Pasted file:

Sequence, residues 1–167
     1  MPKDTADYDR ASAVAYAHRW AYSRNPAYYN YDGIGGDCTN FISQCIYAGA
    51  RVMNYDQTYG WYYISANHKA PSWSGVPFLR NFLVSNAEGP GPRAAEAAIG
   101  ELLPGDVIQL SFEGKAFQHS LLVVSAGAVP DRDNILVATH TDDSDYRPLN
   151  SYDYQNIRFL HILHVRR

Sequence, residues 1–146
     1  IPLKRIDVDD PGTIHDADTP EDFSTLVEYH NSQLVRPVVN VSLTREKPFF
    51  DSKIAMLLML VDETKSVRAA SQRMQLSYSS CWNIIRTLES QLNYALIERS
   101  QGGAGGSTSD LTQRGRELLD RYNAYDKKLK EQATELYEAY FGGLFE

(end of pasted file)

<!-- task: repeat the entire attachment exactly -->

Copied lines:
Sequence, residues 1–167
     1  MPKDTADYDR ASAVAYAHRW AYSRNPAYYN YDGIGGDCTN FISQCIYAGA
    51  RVMNYDQTYG WYYISANHKA PSWSGVPFLR NFLVSNAEGP GPRAAEAAIG
   101  ELLPGDVIQL SFEGKAFQHS LLVVSAGAVP DRDNILVATH TDDSDYRPLN
   151  SYDYQNIRFL HILHVRR

Sequence, residues 1–146
     1  IPLKRIDVDD PGTIHDADTP EDFSTLVEYH NSQLVRPVVN VSLTREKPFF
    51  DSKIAMLLML VDETKSVRAA SQRMQLSYSS CWNIIRTLES QLNYALIERS
   101  QGGAGGSTSD LTQRGRELLD RYNAYDKKLK EQATELYEAY FGGLFE